Although the identification of pericytes by ultrastructural analysis may represent the “gold standard”, this method is not applicable in every experimental setting. Therefore a variety of potential pericyte-specific histological markers have been proposed (reviewed in Armulik et al., 2011), including platelet-derived growth factor receptor β (PDGFRb; Lindahl et al., 1997; Winkler et al., 2010), NG2 (Ozerdem et al., 2001; Trost et al., 2013), CD13 (Kunz et al., 1994), desmin (Nehls et al., 1992), vimentin (Bandopadhyay et al., 2001). In addition, the potassium channel complex Kir 6.1 has been used as a marker particular for CNS pericytes (Bondjers et al., 2006; Table 1). On the other hand, pericytes are negative for endothelial cell markers such as CD31 and von Willebrand factor and markers of other perivascular cell types, such as glial cells (GFAP, Olig2), microglial cells (Iba1) and neuronal cells. For the identification of retinal pericytes a combination of NG2 and PDGFRb can be recommended based on recently published data (Trost et al., 2013). However, it is important to note that the expression of antigens may differ for in vitro and in vivo conditions. For example, alpha smooth muscle actin (aSMA) has widely been used to identify pericytes and vSMCs in vitro and in vivo, however capillary pericytes do not express aSMA in vivo (Nehls and Drenckhahn, 1991; Trost et al., 2013; Hill et al., 2015). Therefore, aSMA labels vSMCs located on larger vessels, but not capillary pericytes. As several other markers such as NG2, PDGFRb or desmin are expressed by pericytes and vSMCS the identification and discrimination of these two cell types cannot be based solely on marker expression, but vascular localization must also be considered. As demonstrated in Figure 2, vSMCs on arterioles as well as pericytes on capillaries are labeled by NG2, however aSMA identifies only vSMCs on arterioles and is absent in retinal pericytes (Figure 2). This marker expression profile indicates a morphological and biochemical continuum from vSMC to pericytes, which is further supported by the common expression of the neural crest specific marker Sox10 (Trost et al., 2013). However, under pathological conditions pericytes may alter their expression. Therefore, the use of genetic models permanently labeling pericytes and their progenies (e.g., NG2-dsRed (Schallek et al., 2013) or NG2-CreERT2-eGFP mouse model (Hill et al., 2015) is essential and will enable to study the fate of pericytes also under pathological conditions). In summary, the specific identification of pericytes currently requires a combination of at least two markers as well as the consideration of the morphology and vascular localization and some circumstances will require appropriate transgenic animal models.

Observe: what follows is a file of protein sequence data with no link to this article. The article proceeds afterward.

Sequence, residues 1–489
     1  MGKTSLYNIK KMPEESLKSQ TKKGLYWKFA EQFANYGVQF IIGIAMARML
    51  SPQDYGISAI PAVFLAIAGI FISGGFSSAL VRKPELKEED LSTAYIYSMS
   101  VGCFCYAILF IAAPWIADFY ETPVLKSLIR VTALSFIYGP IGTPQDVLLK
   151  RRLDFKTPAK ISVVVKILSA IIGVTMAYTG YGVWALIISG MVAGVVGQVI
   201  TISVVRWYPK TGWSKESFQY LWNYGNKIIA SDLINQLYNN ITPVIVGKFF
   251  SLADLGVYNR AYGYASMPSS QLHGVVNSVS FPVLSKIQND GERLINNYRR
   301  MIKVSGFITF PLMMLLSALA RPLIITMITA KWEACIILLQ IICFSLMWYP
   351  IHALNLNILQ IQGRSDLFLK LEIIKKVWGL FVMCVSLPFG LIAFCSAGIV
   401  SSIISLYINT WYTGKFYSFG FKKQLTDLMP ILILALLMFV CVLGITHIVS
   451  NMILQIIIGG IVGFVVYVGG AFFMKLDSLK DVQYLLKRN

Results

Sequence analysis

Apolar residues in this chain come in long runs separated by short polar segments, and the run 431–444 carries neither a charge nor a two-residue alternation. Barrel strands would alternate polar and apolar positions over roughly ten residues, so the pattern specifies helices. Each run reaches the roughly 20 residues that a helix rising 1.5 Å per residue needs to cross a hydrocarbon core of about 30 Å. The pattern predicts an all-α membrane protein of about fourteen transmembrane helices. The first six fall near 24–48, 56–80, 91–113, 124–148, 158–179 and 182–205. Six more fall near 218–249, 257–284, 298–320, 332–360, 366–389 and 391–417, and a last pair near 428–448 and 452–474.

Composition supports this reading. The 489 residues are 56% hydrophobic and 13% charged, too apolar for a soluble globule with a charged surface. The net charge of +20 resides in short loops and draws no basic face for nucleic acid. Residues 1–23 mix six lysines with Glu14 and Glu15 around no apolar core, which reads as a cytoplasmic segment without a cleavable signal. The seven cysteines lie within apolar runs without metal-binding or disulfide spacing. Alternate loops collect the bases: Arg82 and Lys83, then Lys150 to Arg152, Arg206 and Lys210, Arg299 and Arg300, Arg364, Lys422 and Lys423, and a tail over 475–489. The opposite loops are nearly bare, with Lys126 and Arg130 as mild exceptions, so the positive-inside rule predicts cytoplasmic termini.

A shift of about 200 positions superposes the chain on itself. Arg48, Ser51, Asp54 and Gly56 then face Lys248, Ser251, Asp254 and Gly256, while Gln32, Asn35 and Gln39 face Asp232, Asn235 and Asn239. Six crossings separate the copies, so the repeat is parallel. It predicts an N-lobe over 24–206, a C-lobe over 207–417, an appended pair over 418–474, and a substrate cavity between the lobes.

Figure 2. Identification and discrimination of pericytes from vascular smooth muscle cells (vSMCs) in the retina visualizing NG2 and alpha smooth muscle actin (aSMA) protein expression. (A) NG2 immunopositivity can be detected in both, retinal pericytes (representative arrow) and aSMA positive arteriolar SMCs (representative arrowhead). (B) Retinal capillary pericytes lack the aSMA signal (arrows) and (C) can be therefore discriminated from vSMCs as illustrated in the merged picture (in accordance with results in Trost et al., 2013).
Over the last decades different functions have been assigned to pericytes: they fulfill important functions during (a) angiogenesis and vessel stabilization; (b) participate in blood flow regulation and neurovascular coupling; and (c) are an essential constituent of the BBB/BRB. As mentioned above, next to their vascular functions they possess a multipotent differentiation potential (Figure 3).
Angiogenesis and Pericyte-Endothelial Cell Interaction—The PDGF-B/PDGFRb Signaling Pathway
Pericytes play a major role in angiogenesis, participating in vessel formation, remodeling and stabilization (Gerhardt and Betsholtz, 2003). A number of signaling pathways and factors have been reported to be important for the intercellular communication between endothelial cells and pericytes, including transforming growth factor β (TGF β), angiopoietins, platelet-derived growth factor B (PDGF-B), spingosine-1-phosphate and Notch (reviewed in Armulik et al., 2005, 2011; Winkler et al., 2011).